For many lenders, your credit score is a big deal. After all, it shows just how creditworthy you are. But while there are lenders who automatically reject loan applicants with low credit scores, there are still many that are willing to fund your small businesseven if you have bad credit, especially if the loan is guaranteed.
Guaranteed Business Loans
Let me clarify one thing first. A “guaranteed small business loan” does not mean that you are guaranteed to qualify for a loan. Instead, when it comes to business loans, the word “guaranteed” means that the loan is backed by a collateral or agreement, such that the loan will be repaid even if the business owner fails to make the payment.
There are essentially two broad types of guaranteed business loans: loans guaranteed by the Small Business Administration (SBA) and personally-guaranteed loans.
With SBA loans, the lenders are financial institutions (such as banks and credit unions) that work with the SBA. The SBA promises the institution that they’ll get most of their money back even if the borrower is not able to pay. Because of this guarantee, the lender is more likely to approve borrowers they normally do not work with, such as smaller or newer businesses.
With personally-guaranteed loans, meanwhile, the borrower gives the lender a legal right to take away his personal assets (such as cash, real estate or equipment) if he defaults on the loan.
Signing personal guarantees when getting a business loan is common. Nevertheless, make sure you are comfortable with the risk before you sign any such agreement.
You as a consumer have a personal credit score, ranging from 300-850, with a score below 620 generally considered bad credit. A business, on the other hand, also has its own credit score, ranging from 0-300.
ManySBA lenders require a minimum business credit score of 160 when approving loans. If your business meets that requirement, then it is possible for you to qualify for a loan even though your personal score is less than ideal.
When it comes to SBA loans, however, different lenders have different guidelines even though they all work with the SBA, so even if one SBA lender rejects you, it does not mean that all other SBA lenders will reject you as well.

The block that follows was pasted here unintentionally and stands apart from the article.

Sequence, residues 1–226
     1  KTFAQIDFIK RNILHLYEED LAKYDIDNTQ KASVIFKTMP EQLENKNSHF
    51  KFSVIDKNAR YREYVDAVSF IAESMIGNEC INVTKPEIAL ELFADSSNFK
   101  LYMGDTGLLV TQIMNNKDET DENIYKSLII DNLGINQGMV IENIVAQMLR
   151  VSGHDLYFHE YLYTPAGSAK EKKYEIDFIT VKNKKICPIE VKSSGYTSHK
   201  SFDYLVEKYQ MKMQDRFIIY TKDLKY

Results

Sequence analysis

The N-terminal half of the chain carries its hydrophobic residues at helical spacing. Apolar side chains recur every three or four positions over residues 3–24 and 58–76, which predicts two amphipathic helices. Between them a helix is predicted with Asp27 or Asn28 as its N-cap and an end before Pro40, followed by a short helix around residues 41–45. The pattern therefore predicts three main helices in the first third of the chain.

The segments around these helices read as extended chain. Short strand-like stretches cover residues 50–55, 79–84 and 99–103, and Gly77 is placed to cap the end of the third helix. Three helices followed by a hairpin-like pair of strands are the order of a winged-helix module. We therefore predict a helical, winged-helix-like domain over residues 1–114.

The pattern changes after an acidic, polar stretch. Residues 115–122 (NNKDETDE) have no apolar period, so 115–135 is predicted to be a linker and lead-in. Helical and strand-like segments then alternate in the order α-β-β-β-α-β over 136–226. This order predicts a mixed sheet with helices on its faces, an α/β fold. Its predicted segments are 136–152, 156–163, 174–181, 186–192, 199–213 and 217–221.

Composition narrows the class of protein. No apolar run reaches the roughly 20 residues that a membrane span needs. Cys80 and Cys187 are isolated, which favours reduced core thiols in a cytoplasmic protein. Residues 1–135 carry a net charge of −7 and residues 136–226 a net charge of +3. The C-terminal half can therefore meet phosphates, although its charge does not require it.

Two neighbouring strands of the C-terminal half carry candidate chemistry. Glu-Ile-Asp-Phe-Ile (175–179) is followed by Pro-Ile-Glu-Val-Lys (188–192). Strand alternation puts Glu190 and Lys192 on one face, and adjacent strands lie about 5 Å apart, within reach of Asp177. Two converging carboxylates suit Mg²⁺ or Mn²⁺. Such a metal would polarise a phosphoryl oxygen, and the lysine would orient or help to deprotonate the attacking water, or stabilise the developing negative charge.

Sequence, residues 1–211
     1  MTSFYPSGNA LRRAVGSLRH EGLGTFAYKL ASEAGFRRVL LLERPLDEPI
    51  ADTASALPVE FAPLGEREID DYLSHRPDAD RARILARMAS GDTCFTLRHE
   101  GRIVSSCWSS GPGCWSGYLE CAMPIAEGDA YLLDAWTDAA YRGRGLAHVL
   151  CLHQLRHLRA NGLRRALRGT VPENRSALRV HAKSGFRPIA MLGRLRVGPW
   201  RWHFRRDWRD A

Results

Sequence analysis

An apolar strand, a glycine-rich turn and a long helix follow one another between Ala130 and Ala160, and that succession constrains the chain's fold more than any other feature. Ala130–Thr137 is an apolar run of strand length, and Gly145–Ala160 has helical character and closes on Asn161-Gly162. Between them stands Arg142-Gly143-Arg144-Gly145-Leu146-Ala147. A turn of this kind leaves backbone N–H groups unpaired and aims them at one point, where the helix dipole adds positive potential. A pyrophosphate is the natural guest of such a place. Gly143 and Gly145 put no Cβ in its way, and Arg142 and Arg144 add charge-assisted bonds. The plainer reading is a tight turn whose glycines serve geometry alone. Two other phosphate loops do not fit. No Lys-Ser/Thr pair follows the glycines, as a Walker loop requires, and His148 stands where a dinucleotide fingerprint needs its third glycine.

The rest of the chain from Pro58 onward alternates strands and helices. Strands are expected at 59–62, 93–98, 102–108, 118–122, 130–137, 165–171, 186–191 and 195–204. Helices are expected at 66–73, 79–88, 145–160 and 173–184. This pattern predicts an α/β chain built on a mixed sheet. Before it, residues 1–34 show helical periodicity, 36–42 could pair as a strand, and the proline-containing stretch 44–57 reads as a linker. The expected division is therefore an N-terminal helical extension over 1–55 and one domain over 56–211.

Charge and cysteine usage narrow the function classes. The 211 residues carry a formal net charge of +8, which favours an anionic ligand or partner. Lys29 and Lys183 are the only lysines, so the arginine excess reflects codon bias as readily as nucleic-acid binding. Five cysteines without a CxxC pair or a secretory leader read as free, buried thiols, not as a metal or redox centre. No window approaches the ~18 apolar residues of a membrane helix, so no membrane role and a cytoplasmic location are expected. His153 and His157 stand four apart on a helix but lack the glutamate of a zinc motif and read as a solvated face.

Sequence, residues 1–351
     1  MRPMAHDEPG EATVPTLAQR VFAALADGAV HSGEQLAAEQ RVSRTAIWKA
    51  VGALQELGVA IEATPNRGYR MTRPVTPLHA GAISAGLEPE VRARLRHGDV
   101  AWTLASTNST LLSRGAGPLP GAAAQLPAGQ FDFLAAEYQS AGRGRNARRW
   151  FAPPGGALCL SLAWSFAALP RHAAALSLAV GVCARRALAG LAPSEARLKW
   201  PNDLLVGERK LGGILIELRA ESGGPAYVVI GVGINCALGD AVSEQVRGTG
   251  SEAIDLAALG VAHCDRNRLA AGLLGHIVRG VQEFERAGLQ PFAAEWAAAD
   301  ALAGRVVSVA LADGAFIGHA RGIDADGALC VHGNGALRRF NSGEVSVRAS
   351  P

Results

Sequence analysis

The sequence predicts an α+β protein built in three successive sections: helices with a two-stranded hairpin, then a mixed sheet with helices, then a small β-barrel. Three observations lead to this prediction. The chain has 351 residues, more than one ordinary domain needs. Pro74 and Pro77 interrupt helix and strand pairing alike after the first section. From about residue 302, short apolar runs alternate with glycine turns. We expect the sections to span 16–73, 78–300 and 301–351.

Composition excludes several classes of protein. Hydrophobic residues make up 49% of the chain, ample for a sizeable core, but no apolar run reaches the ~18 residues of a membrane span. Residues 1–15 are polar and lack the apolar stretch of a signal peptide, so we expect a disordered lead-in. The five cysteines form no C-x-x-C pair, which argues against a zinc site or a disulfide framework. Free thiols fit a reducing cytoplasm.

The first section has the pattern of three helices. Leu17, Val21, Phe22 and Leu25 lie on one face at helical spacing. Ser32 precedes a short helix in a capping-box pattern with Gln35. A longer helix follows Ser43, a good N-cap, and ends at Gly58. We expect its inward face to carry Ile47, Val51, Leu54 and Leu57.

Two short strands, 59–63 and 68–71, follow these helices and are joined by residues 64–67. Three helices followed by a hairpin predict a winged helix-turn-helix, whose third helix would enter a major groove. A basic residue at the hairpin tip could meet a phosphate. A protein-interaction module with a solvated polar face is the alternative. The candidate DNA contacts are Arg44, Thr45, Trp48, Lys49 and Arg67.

Big banks tend to be strict in their standards, but credit unions and smaller banks tend to be more flexible and willing to work with smaller businesses.
If you have poor credit, another thing you can do to meet the minimum requirements is to bring in a business partner with a strong credit score. You can also put up a collateral.
Getting in touch with an SBA counselor is also a good idea. The counselor can go over your application to help you find the SBA lender that will most likely approve your loan. He can also help you polish your business plan to present your business — and your ability to repay the loan — in the best light possible, as well as prepare for the questions you will be asked during the loan application meeting.
If SBA loans are not appropriate for your business, you can also check out non-traditional lenders.
Guaranteed business loans from these lenders have higher interest rates and shorter payment periods compared to SBA loans; however, many alternative lenders have relaxed requirements, especially when it comes to credit scores. Their application processes are also quick, easy, and convenient.
Having bad credit does not have to stop you from seeking additional financing for your business. You can still secure a bad credit small business loan to keep you afloat or give your business the boost it needs.